colinneagle writes with news of a marine turned conspiracy theorist who was detained for psychological evaluation after posting rants on Facebook. He has since been ordered to remain in a mental facility for at least 30 days. From the article: "There are conspiracy theorists who believe 9/11 was an inside job. I don't really follow that news, but can people be arrested after saying so online, exercising their First Amendment right to Freedom of Speech? On August 16, the FBI, Secret Service and the Chesterfield Police arrested a decorated former U.S. Marine for 'airing his critical views of the U.S. government on Facebook.' On Facebook, Raub talked about the Illuminati, a shadow organization in which 'some of the leaders were involved with the bombing of the twin towers' and the 'great amount of evil perpetrated by the American Government.' He said people may think he was going crazy, but a 'civil war,' the 'Revolution' is coming. 'I'm starting the Revolution. I'm done waiting.' On July 24, he said he was at a 'great crossroads. As if a storm of destiny is about to pick me up and take me to fight a great battle.' On August 9 he talked about severing heads and told the generals he was coming for them. On August 13, he wrote, 'Sharpen up my axe; I'm here to sever heads.' On August 14, Raub wrote, 'The Revolution will come for me. Men will be at my door soon to pick me up to lead it.'" I suspect being a former marine and threatening to decapitate military officials might have had something to do with this (communicating specific threats?). But then again, his Facebook page was reportedly private, and according to the AP newswire: "The big concern, Whitehead said, is whether government officials are monitoring citizens' private Facebook pages and detaining people with whom they disagree."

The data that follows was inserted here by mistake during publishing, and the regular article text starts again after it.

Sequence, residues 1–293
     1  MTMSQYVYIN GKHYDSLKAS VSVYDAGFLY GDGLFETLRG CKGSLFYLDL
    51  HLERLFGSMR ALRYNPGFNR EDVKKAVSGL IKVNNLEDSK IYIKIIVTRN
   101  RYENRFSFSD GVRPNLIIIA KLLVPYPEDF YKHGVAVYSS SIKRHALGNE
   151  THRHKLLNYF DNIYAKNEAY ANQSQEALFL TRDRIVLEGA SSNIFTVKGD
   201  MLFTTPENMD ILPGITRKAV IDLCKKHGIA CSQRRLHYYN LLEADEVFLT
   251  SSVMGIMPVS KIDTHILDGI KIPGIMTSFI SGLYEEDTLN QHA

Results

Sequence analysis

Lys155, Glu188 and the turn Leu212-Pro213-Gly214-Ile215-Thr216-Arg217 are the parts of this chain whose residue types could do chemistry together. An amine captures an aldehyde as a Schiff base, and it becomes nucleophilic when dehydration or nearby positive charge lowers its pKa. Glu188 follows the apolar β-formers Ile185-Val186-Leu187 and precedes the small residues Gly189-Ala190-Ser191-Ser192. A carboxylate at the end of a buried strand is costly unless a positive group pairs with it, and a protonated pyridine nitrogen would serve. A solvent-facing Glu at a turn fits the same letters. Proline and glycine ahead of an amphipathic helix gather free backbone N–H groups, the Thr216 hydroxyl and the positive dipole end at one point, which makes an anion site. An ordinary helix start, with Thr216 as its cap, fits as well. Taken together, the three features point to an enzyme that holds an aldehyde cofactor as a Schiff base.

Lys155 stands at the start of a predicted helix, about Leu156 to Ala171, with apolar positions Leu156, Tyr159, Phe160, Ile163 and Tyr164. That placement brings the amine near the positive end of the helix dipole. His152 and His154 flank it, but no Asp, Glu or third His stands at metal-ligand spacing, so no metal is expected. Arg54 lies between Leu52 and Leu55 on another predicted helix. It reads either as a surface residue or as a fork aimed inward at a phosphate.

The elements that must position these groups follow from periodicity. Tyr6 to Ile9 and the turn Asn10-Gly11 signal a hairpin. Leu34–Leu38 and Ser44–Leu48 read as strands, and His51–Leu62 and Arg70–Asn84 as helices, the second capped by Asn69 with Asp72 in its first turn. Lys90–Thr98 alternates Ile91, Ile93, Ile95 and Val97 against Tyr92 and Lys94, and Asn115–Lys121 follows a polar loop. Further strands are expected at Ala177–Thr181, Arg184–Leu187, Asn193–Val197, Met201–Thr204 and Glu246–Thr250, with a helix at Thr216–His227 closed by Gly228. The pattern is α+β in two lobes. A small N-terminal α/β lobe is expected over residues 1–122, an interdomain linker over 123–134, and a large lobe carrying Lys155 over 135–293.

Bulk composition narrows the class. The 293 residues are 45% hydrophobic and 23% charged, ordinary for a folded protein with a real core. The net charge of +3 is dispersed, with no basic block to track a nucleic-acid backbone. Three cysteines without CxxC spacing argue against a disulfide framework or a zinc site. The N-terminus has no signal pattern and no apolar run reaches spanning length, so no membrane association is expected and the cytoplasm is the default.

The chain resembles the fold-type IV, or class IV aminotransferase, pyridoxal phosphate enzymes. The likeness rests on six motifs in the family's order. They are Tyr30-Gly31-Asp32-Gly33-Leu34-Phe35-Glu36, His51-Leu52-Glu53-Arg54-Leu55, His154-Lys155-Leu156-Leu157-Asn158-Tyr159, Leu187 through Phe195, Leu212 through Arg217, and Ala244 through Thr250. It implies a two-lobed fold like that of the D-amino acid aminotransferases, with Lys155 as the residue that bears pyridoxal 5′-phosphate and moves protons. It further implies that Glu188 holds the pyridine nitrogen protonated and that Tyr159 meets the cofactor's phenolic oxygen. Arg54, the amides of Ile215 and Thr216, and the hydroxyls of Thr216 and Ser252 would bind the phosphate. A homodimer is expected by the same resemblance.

gbrumfiel writes "The Curiosity rover will soon start rolling, and when it does, it will be running on gas from a Russian weapons plant. Slate has the story of how the plutonium-238 that powers the rover came from Mayak, a Soviet-era bomb factory. Mayak made the fuel through reprocessing, a chemical process used to make nuclear warheads that also polluted the surrounding environment. After the cold war ended, the Russians sold the spare Pu-238 to NASA, which put some of it into Curiosity. Now, the Russian supply is running low and NASA hopes to restart Pu-238 production on U.S. soil (They're planning on making less of a mess this time)." One interesting way of dealing with nuclear waste: reprocess fuel a few times, extracting Pu-238 and friends (those pesky "have to keep waste sealed forever to prevent hyper-squirrels in the year 3,001,000 from being irradiated" elements) and launching an army of deep space probes. But then there's the waste stream from reprocessing...